By Ann Hingst, KF12 Tanzania

While many Americans will spend next Sunday, October 31, trick-or-treating, Tanzanians will be headed to the polls. October 31, 2010 marks a general election for Tanzania, and voters will choose their President for the next five-year term.

Continue Reading 26 October 2010 at 07:00 6 comments

Portfolio Teams to the Rescue!

By Ann Hingst, KF12 Tanzania

Every Kiva Fellow attends a weeklong training at Kiva Headquarters in San Francisco. The training we received is top notch. But what happens once a fellow is in the field, and all of a sudden forgets the procedure for reporting loan repayments in Kiva’s system or has trouble navigating the politics of the microfinance institution (MFI) that he or she is visiting? That’s where the portfolio team comes to the rescue.

Continue Reading 20 August 2010 at 09:03 2 comments

Kiva Lending from a Kiva Fellow’s Point of View

Rebecca Corey, KF9 and KF10 Tanzania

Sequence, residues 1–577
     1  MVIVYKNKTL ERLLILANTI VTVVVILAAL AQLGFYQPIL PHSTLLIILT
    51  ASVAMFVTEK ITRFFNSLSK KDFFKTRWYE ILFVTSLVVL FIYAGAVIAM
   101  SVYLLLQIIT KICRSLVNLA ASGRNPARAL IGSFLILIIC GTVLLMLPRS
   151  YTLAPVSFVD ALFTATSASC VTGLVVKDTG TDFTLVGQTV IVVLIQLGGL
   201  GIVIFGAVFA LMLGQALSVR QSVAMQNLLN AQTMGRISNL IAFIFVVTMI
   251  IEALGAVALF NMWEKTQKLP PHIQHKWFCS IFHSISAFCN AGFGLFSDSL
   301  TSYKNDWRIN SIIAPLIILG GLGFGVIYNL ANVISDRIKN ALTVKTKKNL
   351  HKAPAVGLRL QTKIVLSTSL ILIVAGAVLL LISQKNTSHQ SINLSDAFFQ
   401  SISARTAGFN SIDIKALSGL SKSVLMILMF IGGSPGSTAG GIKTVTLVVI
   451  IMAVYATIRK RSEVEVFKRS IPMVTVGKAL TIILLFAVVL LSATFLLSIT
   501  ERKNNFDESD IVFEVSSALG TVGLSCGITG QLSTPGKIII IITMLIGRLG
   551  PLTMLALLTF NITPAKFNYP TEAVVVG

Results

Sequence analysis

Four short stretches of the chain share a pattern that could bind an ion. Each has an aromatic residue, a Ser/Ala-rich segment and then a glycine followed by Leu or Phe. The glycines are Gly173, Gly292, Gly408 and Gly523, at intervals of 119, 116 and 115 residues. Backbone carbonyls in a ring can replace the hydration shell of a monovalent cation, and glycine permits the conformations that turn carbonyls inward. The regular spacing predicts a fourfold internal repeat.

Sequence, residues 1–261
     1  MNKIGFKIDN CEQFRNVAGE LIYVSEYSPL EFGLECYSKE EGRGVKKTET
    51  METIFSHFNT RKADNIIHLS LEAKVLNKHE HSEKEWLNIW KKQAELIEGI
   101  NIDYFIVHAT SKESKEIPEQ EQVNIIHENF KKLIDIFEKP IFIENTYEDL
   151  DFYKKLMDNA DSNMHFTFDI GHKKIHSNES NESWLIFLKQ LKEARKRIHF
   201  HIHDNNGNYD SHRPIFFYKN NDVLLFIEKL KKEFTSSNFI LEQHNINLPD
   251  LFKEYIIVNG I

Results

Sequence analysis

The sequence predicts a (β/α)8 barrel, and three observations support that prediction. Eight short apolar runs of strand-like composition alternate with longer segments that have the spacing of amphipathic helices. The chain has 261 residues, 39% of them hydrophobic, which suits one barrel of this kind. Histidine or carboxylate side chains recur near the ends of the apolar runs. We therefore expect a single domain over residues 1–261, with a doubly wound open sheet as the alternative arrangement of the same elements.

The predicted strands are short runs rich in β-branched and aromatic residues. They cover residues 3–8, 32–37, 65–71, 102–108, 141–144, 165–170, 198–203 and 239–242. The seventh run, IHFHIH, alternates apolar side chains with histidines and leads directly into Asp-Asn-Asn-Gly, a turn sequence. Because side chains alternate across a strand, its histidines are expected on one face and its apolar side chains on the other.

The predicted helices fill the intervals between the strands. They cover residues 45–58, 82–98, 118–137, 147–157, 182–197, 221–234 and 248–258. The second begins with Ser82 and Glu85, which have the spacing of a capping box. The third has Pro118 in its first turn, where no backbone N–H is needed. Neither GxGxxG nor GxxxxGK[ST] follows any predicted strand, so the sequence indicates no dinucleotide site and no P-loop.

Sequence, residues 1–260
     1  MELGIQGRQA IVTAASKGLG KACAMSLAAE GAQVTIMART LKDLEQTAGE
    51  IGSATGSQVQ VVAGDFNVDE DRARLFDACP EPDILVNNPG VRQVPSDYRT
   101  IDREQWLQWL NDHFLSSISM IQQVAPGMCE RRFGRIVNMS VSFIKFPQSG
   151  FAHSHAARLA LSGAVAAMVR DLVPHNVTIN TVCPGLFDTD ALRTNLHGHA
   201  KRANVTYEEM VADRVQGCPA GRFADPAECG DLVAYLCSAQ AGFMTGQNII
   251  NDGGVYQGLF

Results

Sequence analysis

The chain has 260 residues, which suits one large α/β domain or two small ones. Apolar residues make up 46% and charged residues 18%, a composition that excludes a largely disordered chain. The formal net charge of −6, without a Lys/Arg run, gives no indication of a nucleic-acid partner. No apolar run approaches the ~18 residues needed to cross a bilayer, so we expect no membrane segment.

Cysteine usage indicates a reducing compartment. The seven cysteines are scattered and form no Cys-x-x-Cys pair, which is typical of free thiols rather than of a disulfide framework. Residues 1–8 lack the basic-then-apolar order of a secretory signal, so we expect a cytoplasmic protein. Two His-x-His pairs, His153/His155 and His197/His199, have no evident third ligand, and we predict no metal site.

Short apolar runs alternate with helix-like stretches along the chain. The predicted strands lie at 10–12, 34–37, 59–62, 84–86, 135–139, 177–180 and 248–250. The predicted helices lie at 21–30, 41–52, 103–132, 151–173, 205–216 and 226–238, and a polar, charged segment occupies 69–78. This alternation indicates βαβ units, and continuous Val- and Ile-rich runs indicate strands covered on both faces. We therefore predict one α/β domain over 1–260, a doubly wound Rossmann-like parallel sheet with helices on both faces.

I’ve now been in the field as a Kiva Fellow for almost four months! It’s hard to believe all that has happened in this short time. I’ve battled malaria, ridden the local daladalas ‘til I know their paths like a local, developed a healthy taste for “chipsi mayai” (an egg and french fry omelette–the most popular Tanzanian street food), learned every Kiswahili greeting around (and there seem to be hundreds!), and settled into life with my beautiful homestay family. I’ve also conducted a borrower verification of SELFINA (a Kiva partner in Dar), and spent hours interviewing, photographing, and writing for borrower profiles and journal updates  for Kiva clients at my host MFI, Tujijenge Tanzania, Ltd. I’ve collaborated with RockhopperTV and the BBC World News on a short documentary series that will feature Kiva as one of the world’s most innovative social businesses, and created templates and training materials for Tujijenge as well. Last but not least, I’ve enrolled in the Masters in Development Studies program at the University of Dar es Salaam, which has allowed me to explore the theoretical background and debates surrounding the development practices I’m witnessing on the ground. Most of my days are spent at in the field with clients, at local branch offices, and on Partner Administration (or PA2 as the Kiva Fellows call it), the website that allows Kiva’s partner microfinance institutions to post business descriptions, upload borrower profile pictures and journal updates, keep track of repayments and account details, and otherwise manage their interactions with Kiva headquarters. (more…)